Mary Poppins’ Bag
Do you remember the wonderful scene from the original Mary Poppins movie where she plops her large carpet bag on the table and begins to pull out things like a hat stand, a large wall mirror, a potted plant, shoes, clothing, and a very special measuring tape? I remember as a child being fascinated by her bag. Can you imagine being able to reach in to your carpet bag and get whatever you needed?
Many decades later, Hermione Granger one-upped Mary with a small and elegant beaded bag that had a lot of useful things, including a large multi-level tent and an invisibility cloak. And her bag was small enough that she could hide it in her sock.
This notion of magical bags is something that children innately understand. Think about it; how many times does your child expect you to instantly produce what they want, often making unreasonable and unrealistic requests? And when it’s possible, don’t you make every effort to respond?
In the same way, we can treat God as though he has a magical bag. We operate under an assumption that we can make requests and God will supply them. All of us are guilty of treating God like a big ATM machine in the sky at one time or another. We use him when we need something, but when our pockets are full, we pass on by. Is this a good practice? Do you ever feel guilty about asking God for things beyond your ability to provide for yourself? Check this out:
Luke 11 (NRSV)
5 And he said to them, “Suppose one of you has a friend, and you go to him at midnight and say to him, ‘Friend, lend me three loaves of bread; 6 for a friend of mine has arrived, and I have nothing to set before him.’ 7 And he answers from within, ‘Do not bother me; the door has already been locked, and my children are with me in bed; I cannot get up and give you anything.’ 8 I tell you, even though he will not get up and give him anything because he is his friend, at least because of his persistence he will get up and give him whatever he needs.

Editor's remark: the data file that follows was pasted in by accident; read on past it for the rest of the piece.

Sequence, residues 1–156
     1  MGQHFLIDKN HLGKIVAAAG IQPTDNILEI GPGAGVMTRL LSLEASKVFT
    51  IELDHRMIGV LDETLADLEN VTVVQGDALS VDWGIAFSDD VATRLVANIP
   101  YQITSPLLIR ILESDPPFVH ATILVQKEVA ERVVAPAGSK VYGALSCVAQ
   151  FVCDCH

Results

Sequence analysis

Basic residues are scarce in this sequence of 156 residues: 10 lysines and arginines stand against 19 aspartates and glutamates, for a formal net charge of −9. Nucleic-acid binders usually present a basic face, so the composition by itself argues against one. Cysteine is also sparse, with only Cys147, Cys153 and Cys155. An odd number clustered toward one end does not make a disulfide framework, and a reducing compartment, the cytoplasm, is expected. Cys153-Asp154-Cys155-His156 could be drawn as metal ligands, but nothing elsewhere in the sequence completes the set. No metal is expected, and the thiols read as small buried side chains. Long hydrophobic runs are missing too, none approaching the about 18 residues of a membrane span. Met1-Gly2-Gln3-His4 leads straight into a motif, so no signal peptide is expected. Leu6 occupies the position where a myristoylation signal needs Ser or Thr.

9 “So I say to you, Ask, and it will be given you; search, and you will find; knock, and the door will be opened for you. 10 For everyone who asks receives, and everyone who searches finds, and for everyone who knocks, the door will be opened. 11 Is there anyone among you who, if your child asks for a fish, will give a snake instead of a fish? 12 Or if the child asks for an egg, will give a scorpion? 13 If you then, who are evil, know how to give good gifts to your children, how much more will the heavenly Father give the Holy Spirit to those who ask him!”
Good gifts. We know how to give good gifts to those whom we love. In most people’s minds, this season is all about getting and receiving good gifts. Look at the advertising all around you. Lexuses wrapped in big red bows, overly expensive and lush outfits that dance across your screen, flashing diamond jewelry featured in commercials where the husband/boyfriend gets a big reward of love for choosing the right piece…and in each case, the bigger, the better.
But the question remains, should we/may we/might we treat God like a department store Santa, and go sit on his lap with a big list of “gimmes?”
The answer is yes. Yes, Virginia, there is a Santa Claus-like aspect of God. And that’s all right.
You see, God longs to hear the desires of our hearts. God wants the intimacy of a trusting child who goes to a parent in the hope and anticipation of getting a Red Ryder BB Gun. Will he give you things that might harm you? Nope. Will he give you what you need instead? Yup. It is the relationship of love, trust, and honesty that blesses the Lord. When we ask, seek, and knock, we are demonstrating our belief that God is able to respond. That demonstration of faith is vital to us, and to God.
So in this season of preparation, while we anticipate the greatest gift to humankind that the world has ever known, go to God in prayer. Ask away. Watch him reach into his carpet bag and pull out the very thing that you need, even if you didn’t ask for it. God invites us to ask, seek, and knock. It’s pretty much in the bag.
Well, Hello There by Mary Anne Mong Cramer